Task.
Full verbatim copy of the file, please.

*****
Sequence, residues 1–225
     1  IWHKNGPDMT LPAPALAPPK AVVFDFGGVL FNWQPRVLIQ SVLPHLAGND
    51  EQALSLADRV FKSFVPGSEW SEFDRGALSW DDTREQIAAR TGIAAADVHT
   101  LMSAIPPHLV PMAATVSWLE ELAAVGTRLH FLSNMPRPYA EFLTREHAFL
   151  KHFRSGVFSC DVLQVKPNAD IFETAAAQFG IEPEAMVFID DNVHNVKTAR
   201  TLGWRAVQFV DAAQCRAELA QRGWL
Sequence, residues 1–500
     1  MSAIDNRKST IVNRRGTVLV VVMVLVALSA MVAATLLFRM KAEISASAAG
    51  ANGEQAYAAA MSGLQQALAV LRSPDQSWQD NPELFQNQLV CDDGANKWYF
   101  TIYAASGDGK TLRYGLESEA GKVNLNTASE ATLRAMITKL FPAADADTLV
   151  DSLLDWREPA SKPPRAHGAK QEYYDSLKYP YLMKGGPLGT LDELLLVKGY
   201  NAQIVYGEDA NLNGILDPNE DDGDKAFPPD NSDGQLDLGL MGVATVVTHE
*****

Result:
Sequence, residues 1–225
     1  IWHKNGPDMT LPAPALAPPK AVVFDFGGVL FNWQPRVLIQ SVLPHLAGND
    51  EQALSLADRV FKSFVPGSEW SEFDRGALSW DDTREQIAAR TGIAAADVHT
   101  LMSAIPPHLV PMAATVSWLE ELAAVGTRLH FLSNMPRPYA EFLTREHAFL
   151  KHFRSGVFSC DVLQVKPNAD IFETAAAQFG IEPEAMVFID DNVHNVKTAR
   201  TLGWRAVQFV DAAQCRAELA QRGWL
Sequence, residues 1–500
     1  MSAIDNRKST IVNRRGTVLV VVMVLVALSA MVAATLLFRM KAEISASAAG
    51  ANGEQAYAAA MSGLQQALAV LRSPDQSWQD NPELFQNQLV CDDGANKWYF
   101  TIYAASGDGK TLRYGLESEA GKVNLNTASE ATLRAMITKL FPAADADTLV
   151  DSLLDWREPA SKPPRAHGAK QEYYDSLKYP YLMKGGPLGT LDELLLVKGY
   201  NAQIVYGEDA NLNGILDPNE DDGDKAFPPD NSDGQLDLGL MGVATVVTHE